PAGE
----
Starting at the age of 10, and continuing until I went away to the seminary, I was active in the Boy Scouts of America. Some of my best friends and best experiences come from that time in my life. If you were a boy scout, you know what I mean: summer camps, hikes, the Order of the Arrow, competing against other patrols, etc. But there's even the stuff people think you're nuts for saying that you enjoyed: that smell you took home with you after your clothes absorbed that campfire odor, pancakes that were slightly burnt and powdery because the mix wasn't dissolved all the way, and comparing knife wounds that you and your friends got while working on your Woodcarving Merit Badge. Oooh, I'm getting misty; aren't you?
Anyway, this year marks the 100th anniversary of the founding of the Boy Scouting movement, and Pope Benedict issued a message on the value of Scouting:
"For one century, through play, action, adventure, contact with nature, life as a team and in service to others, you offer an integral formation to anyone who joins the Scouts. Inspired by the Gospels, scouting is not only a place for authentic human growth, but also a place of strong Christian values and true moral and spiritual growth, as with any authentic way of holiness.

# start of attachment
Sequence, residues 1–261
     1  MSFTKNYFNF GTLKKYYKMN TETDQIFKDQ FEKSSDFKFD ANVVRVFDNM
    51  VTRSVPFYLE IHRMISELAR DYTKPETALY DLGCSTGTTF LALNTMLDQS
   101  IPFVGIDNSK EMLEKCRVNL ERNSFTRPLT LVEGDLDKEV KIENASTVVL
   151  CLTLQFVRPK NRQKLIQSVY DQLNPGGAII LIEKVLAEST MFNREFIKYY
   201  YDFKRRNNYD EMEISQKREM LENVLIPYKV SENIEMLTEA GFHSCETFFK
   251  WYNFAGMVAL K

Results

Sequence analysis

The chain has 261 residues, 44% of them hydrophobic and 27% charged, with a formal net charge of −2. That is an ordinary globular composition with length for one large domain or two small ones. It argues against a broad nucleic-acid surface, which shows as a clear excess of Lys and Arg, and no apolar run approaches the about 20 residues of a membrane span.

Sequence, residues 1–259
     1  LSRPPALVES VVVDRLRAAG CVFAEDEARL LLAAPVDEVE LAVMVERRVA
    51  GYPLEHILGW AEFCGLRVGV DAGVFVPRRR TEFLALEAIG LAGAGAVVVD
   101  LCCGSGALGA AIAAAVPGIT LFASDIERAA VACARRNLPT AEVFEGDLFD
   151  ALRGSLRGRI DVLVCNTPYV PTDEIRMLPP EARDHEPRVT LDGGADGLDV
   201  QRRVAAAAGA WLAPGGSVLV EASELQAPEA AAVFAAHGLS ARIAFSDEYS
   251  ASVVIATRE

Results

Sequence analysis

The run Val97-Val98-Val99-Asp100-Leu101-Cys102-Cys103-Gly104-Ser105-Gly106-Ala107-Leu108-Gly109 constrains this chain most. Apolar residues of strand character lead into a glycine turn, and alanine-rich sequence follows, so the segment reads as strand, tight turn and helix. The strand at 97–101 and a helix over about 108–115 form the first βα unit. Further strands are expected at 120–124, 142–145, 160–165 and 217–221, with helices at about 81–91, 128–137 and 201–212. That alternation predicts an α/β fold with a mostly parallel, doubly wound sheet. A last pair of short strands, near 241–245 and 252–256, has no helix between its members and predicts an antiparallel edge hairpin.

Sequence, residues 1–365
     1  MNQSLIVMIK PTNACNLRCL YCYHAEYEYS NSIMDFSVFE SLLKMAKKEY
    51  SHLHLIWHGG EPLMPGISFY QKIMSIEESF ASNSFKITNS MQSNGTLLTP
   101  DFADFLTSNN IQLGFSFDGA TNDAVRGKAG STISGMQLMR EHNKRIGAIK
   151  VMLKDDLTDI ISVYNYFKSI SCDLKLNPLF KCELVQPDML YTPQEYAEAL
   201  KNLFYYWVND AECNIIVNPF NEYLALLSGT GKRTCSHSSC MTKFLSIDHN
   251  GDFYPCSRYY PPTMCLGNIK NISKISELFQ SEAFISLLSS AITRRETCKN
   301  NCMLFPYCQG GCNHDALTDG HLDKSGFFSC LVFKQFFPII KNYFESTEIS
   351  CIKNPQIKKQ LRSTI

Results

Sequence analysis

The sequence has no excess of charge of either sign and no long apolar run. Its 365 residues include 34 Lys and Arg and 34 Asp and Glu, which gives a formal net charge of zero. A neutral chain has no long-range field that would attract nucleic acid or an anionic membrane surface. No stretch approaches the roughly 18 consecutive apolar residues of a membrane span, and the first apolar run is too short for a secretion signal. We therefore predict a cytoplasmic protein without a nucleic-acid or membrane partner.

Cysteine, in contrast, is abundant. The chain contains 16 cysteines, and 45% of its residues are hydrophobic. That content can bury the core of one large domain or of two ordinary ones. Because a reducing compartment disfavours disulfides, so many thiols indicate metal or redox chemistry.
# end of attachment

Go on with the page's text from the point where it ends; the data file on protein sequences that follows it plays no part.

The sense of responsibility that permeates Scout education leads to a life of charity and the desire to serve one's neighbor, in the image of Christ the servant, based on the grace offered by Christ, in a special way through the sacraments of the Eucharist and forgiveness."
The Pontiff encouraged the brotherhood of the Scouts, "which is a part of its original ideal and makes up, above all for young generations -- a witness of that which is the body of Christ, within which, according to the image of St. Paul, all are called to fulfill a mission wherever they are, to rejoice in another's progress and to support their brothers in times of difficulty."
"I thank the Lord for all the fruits that, throughout these last 100 years, the Scouts have offered," he said. He encouraged Catholic Scouts to go forward on their path, offering "to boys and girls of today an education that forms them with a strong personality, based on Christ and willing to live for the high ideals of faith and human solidarity."
Benedict XVI's message ends with advice from Baden-Powell: "Be faithful to your Scout promise, even when you are no longer young, and may God help you to do so!"When man seeks to be faithful to his promises, the Lord himself strengthens his steps."
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